- Rehabilitation specialists and social workers working with adults with sensory loss should, where possible, incorporate family members into support plans.
- Rehabilitation specialists and social workers working in sensory rehabilitation should be mindful of how the coping styles of one partner can impact the well-being of their significant other.
- Online and print information for spouses on how to cope with a partner’s sensory loss should be available and accessible for couples attending sensory rehabilitation clinics.
Important Study Highlights from the Research Project
Edited and excerpted from the full study:
- [F]ew studies have examined how adults with sensory loss and their spouses cope or the impact of each partner’s coping styles on one another’s psychological well-being over time.
- [W]hile current guidelines for the rehabilitation of adults with sensory loss typically acknowledge the benefit of integrating spouses into clients’ rehabilitation goal planning, they do not consider how the personal coping abilities of each partner may directly affect rehabilitation outcomes (e.g., well-being). This view can be problematic as it tends to ignore the dynamic, interactional nature of couples’ sensory loss experience.
- Unlike many other physical disabilities, hearing and/or vision loss primarily impact communication and mobility that can reduce social participation and increase isolation and loneliness over time.
- In fact, studies have shown that the medical severity of one’s hearing and/or vision loss tends not to be directly associated with psychological outcomes; instead, self-reported degree of loss and an individual’s perception of its impact on factors such as communication ability or perceived social support have been found to be linked to psychological well-being.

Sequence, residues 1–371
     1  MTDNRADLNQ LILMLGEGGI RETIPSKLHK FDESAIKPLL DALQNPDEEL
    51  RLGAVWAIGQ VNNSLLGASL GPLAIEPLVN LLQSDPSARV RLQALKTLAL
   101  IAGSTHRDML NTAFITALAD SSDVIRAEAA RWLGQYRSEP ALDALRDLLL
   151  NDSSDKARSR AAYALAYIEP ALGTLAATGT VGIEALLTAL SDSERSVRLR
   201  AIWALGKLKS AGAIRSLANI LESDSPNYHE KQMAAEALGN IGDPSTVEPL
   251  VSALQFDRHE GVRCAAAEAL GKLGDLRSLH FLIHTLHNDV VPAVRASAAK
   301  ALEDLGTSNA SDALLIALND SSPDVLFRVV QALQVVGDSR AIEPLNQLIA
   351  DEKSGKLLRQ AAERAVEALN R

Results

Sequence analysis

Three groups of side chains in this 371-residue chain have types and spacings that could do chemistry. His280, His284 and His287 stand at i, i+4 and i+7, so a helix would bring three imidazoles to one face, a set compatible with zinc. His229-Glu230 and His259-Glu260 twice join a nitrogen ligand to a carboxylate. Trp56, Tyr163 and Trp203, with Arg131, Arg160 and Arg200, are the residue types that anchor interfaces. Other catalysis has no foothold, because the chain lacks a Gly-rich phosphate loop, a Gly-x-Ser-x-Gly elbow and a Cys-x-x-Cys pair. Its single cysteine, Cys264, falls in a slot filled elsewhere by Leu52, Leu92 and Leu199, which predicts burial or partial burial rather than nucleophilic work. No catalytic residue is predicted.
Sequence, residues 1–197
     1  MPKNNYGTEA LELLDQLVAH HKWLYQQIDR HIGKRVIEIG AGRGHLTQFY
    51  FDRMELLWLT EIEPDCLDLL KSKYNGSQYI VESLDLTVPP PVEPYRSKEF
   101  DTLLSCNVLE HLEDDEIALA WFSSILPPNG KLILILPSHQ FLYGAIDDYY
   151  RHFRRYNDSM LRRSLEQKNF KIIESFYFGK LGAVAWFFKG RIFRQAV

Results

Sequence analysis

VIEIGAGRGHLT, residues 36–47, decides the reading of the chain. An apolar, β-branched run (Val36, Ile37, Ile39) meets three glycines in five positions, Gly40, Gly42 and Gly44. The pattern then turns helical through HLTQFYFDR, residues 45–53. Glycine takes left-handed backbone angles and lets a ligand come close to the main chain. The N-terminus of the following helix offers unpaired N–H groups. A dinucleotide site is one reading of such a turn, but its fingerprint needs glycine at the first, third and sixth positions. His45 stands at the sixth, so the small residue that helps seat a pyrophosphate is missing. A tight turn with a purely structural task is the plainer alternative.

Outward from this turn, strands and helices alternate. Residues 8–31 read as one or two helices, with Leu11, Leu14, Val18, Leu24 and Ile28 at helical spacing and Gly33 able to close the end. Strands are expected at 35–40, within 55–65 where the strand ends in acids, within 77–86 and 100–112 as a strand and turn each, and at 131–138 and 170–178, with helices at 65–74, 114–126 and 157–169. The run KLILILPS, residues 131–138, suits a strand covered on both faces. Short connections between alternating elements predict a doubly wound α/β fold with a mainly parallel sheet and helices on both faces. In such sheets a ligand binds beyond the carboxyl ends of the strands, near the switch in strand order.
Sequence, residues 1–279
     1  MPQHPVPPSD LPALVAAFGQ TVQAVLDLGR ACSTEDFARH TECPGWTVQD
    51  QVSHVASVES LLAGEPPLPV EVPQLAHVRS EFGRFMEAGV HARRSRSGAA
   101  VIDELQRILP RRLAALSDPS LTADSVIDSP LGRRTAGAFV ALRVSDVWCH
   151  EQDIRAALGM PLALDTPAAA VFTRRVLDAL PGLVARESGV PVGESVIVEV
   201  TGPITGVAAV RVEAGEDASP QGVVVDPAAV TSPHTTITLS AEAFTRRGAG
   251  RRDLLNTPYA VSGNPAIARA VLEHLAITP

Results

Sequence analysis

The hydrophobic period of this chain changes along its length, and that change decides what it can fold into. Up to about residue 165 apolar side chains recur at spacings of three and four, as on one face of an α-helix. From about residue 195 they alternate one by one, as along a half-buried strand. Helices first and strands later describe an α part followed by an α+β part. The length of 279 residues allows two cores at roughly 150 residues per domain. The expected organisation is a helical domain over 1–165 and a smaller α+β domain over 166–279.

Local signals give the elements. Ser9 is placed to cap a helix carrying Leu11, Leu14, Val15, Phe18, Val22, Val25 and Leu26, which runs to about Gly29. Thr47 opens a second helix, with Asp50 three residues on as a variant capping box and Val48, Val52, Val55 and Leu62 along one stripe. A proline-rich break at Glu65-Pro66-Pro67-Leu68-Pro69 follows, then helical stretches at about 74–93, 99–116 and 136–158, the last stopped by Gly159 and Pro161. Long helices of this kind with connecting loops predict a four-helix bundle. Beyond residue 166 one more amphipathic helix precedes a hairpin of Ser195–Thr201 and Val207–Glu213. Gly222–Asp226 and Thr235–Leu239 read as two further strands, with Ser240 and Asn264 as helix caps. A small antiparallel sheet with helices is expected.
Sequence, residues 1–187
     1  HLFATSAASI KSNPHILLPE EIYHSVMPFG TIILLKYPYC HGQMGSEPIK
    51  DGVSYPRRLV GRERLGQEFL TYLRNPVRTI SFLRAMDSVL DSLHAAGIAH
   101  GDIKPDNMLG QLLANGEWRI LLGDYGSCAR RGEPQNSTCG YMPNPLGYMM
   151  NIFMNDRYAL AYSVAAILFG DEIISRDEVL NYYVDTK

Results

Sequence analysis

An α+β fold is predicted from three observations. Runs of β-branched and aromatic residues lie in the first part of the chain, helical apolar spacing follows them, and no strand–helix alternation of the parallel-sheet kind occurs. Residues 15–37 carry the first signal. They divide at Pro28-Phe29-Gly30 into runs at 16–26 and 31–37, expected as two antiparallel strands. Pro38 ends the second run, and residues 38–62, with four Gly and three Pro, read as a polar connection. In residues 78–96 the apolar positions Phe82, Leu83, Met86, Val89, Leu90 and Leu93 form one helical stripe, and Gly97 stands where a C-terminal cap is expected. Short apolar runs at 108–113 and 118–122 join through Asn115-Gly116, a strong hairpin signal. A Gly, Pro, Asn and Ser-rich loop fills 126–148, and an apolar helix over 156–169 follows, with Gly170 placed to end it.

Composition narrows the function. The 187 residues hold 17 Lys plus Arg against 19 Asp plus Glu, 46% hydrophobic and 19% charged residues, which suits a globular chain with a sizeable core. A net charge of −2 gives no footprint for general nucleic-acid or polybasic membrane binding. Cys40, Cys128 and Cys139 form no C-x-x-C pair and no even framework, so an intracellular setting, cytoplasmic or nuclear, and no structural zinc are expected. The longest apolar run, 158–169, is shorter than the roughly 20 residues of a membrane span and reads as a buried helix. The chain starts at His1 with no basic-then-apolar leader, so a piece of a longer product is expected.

- However, while coping styles may influence an individual’s decision to educate themselves on available rehabilitation options, coping strategies have not been found to be associated with actual entry into rehabilitation.
- Interpersonal coping … involves the understanding that couples’ lives are interdependent and that one partner’s way of coping with the sensory loss is also likely to influence the well-being of their spouse.
- Adults with sensory loss whose spouse reported higher levels of support seeking at [the beginning of the study] were more likely to report positive well-being at [the six-month follow-up]. Given that the aim of sensory rehabilitation programs is to enhance quality of life, this finding highlights the importance of including spouses in the support process.
- In fact, because spouse support-seeking was also positively associated with the psychological well-being of spouses at time one, fully incorporating spouses into the rehabilitation process may not only enhance the well-being of adults with sensory loss but also that of their spouse. Maintaining spouses’ well-being should also be a priority for sensory loss rehabilitation, given that spouses are often referred to as an individual’s primary and most valuable resource.
- First, given the … consistency of couples’ risk for poor well-being in the present study, rehabilitative or therapeutic interventions are needed. Ideally, such interventions should include spouses and recognize the potential intrapersonal and interpersonal effects of each partner’s coping on well-being.
- Finally, considering the beneficial effects of spouse support-seeking, it may also be worthwhile for sensory rehabilitation centers to form counselor-moderated peer support groups (in-person or online).
- Although further study is needed, the results of the current study suggest that couples living with sensory loss are in need of support and that coping styles and relational behaviors may be useful to target in psychosocial interventions. Future research is needed to understand, in more depth, the exact mechanisms through which each partner’s coping styles affect one another’s well-being over time.